Tag Archives: abuse

“Billy’s Bones” is touching a lot of readers

BillysBones_FessendenI almost titled this post, “Billy’s Bones could be my breakout novel,” because it very well may be.  A breakout novel is a novel that finally draws enough attention to put an author’s name on the radar.  Generally, subsequent novels sell much better as a result, because now readers have heard of the author.

That may be what Billy’s Bones is for me.  It spent over a week in the top ten of the Gay Romance list on Amazon, peaking at #7, and remained in the top 20 for almost two weeks.  The reader reviews and professional reviews have been amazing!  Sales have been astronomical, in comparison to any of my previous novels (and sales picked up for them over the past weeks, too).  And I’m still on the Dreamspinner bestsellers list!

What this will mean in the future, I don’t know.  If I’m lucky, my next novel will be successful as well.  Though it will be a little while before I attempt to tackle anything this dark again.  My next novel is a romance between two roommates in college.

But really, what’s more important than sales (yes, really) is that I’ve received numerous reviews and emails in which people have told me how much the book touched them.  Many have survived abuse themselves and the novel helped them — or at least didn’t disturb them — by dealing with the issue sensitively.  I couldn’t ask for greater praise.  My fear as I worked on the novel and all the way up until the day of its release was that it would be traumatic for some readers and come across as insensitive and  wildly inaccurate in its depiction of PTSD.

There have been, in fact, some readers who marked the book as something they know they can’t read.  After reading other reviews, they’ve concluded that the subject matter is too unpleasant for them to deal with in the context of their own pasts.  I understand that and sympathize.  I would never want somebody to be further traumatized by something I’ve written.

There have been a number of comments in reviews about the level of research that went into the novel.  Certainly I did read up on the subject of PTSD and watch videos of survivors discussing flashbacks and other experiences, but I was also lucky enough to know a number of therapists, including my mother, who specialized in treating clients with PTSD.  She and others read over the therapy scenes in the novel to make sure I wasn’t doing anything too horrendous.  She did point out that pushing someone to recall repressed memories wasn’t always a good idea.  In some cases, it’s better to leave it alone.  But of course, in the novel, it becomes necessary for Kevin to remember what happened, since he is the only witness.

As a final note, I would like to point out that, although I did have some experiences in my childhood which came into play while writing this novel, no one in my family was ever abusive to me or my brother.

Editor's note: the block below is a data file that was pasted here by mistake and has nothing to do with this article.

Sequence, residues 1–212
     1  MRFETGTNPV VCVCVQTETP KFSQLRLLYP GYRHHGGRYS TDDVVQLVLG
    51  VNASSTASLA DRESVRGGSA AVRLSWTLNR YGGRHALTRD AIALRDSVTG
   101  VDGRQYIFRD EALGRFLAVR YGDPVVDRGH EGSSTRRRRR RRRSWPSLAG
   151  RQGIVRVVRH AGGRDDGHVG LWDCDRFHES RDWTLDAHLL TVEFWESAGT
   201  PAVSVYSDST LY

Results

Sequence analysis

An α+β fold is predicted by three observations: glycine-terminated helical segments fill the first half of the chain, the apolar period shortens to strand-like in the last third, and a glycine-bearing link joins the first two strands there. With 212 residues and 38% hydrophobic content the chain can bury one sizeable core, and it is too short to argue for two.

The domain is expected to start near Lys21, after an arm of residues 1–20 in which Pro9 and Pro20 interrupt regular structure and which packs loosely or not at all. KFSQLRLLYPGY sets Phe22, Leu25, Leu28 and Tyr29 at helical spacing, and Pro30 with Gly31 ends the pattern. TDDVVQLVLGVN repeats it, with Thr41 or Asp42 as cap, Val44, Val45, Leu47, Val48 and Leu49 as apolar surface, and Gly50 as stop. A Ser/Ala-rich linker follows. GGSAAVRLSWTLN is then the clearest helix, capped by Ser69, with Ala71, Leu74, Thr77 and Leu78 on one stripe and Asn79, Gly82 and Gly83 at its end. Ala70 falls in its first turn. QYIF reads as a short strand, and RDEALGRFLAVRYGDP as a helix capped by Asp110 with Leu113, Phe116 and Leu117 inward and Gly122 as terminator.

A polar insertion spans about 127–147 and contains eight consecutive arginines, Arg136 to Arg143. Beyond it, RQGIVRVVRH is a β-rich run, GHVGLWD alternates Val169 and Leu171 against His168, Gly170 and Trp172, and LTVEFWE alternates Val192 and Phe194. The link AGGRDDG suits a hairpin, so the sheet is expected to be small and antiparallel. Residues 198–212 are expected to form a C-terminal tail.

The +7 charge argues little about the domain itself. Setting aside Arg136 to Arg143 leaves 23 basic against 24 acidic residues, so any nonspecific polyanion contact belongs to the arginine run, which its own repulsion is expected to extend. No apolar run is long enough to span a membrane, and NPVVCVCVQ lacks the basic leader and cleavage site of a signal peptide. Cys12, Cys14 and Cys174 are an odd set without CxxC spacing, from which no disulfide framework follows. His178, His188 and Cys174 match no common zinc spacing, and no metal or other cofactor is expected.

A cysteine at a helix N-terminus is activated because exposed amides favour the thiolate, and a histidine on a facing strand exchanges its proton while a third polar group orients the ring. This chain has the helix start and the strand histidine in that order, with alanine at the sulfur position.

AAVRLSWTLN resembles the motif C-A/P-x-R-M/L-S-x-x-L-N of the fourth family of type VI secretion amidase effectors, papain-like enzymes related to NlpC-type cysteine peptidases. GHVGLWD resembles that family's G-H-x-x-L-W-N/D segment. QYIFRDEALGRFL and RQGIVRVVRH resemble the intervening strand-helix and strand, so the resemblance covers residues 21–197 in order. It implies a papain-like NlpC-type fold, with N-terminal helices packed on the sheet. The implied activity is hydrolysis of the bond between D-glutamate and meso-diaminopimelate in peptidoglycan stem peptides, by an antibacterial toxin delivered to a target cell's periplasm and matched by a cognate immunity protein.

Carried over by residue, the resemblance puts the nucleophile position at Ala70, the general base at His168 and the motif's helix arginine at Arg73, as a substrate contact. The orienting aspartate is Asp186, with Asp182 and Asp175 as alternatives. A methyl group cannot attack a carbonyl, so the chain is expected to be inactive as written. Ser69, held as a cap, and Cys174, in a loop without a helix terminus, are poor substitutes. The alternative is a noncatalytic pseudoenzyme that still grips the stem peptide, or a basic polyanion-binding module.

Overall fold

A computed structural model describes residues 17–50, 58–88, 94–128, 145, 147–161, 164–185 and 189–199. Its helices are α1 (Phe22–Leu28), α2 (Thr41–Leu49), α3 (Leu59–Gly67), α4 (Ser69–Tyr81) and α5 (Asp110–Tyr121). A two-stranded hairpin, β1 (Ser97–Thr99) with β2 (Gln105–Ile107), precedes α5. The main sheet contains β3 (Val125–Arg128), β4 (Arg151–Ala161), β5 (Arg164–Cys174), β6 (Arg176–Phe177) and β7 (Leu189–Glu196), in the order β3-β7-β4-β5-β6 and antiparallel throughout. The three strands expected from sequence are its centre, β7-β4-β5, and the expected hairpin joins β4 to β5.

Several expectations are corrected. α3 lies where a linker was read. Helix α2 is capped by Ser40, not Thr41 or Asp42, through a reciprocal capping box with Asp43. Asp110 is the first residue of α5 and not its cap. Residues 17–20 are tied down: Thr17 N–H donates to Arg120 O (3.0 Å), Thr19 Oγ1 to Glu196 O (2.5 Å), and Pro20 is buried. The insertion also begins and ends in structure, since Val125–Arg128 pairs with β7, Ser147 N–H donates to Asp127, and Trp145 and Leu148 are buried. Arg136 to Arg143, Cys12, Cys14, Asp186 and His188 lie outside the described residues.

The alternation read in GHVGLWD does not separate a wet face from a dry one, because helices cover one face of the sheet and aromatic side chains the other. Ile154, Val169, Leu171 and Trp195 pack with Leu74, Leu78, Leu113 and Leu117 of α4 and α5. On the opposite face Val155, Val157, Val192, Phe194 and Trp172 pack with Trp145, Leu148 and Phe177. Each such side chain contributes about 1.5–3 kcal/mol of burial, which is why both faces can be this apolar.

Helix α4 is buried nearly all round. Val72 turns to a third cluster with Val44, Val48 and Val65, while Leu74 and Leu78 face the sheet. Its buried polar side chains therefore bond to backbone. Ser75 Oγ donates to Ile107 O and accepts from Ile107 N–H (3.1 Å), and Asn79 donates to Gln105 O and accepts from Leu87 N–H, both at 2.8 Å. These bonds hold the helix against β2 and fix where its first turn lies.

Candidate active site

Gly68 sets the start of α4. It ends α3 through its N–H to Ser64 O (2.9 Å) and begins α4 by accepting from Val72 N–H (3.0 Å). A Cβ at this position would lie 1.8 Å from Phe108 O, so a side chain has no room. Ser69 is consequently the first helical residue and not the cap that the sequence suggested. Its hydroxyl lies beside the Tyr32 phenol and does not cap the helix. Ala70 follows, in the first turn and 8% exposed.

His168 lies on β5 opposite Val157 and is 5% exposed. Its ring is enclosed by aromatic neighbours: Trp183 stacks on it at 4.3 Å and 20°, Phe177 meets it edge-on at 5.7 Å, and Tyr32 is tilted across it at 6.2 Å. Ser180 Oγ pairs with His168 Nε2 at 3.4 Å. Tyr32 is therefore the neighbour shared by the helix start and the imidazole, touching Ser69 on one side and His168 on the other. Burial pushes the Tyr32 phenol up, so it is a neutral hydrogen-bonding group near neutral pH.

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Getting Depressed For Fun and Profit

Well, not very depressed.  More like the kind of delicious depression we settle into when we watch a movie like Brokeback Mountain or read a book like A Separate Peace.

With the first edits done on Saturn in Retrograde, I’ve begun another project, tentatively called Billy’s Bones.  (Not a great title, so I’ll probably change it.)   Like By That Sin Fell the Angels, which I can’t wait to begin editing, this is a contemporary, and I’m going for a stark, realistic feel.  Unlike By That Sin…, it’s a romance, so I’m hoping it will appeal to a wider audience.

Billy’s Bones is about a psychologist (Tom) and the suicidal patient (Kevin) he treats at the beginning of the novel.  Kevin bails on the counseling, when things get too intense for him, but Tom meets up with him again years later, after buying a house in the country and discovering that Kevin is one of his neighbors.  The two begin to fall in love (of course), but Kevin is haunted by repressed memories of a tragic series of events in his childhood and he can never be happy until the secret he’s buried is uncovered.

I won’t give specifics about the Deep Dark Secret, but really there aren’t a lot of childhood traumas to choose from in a story like this.  We’re pretty much stuck with sexual abuse, physical violence in various forms, or traumatic events such as car accidents or fires.

As much as I love fantasy and science fiction, there’s something immensely satisfying about delving deep into the psyches of ordinary people who just happen to be screwed up.  Not screwed up to the point of being serial killers (I went through a phase of loving serial killer books and films in college, and I’m pretty much done with that), but screwed up in a way that a lot of people are.  Just magnify it a bit.

 

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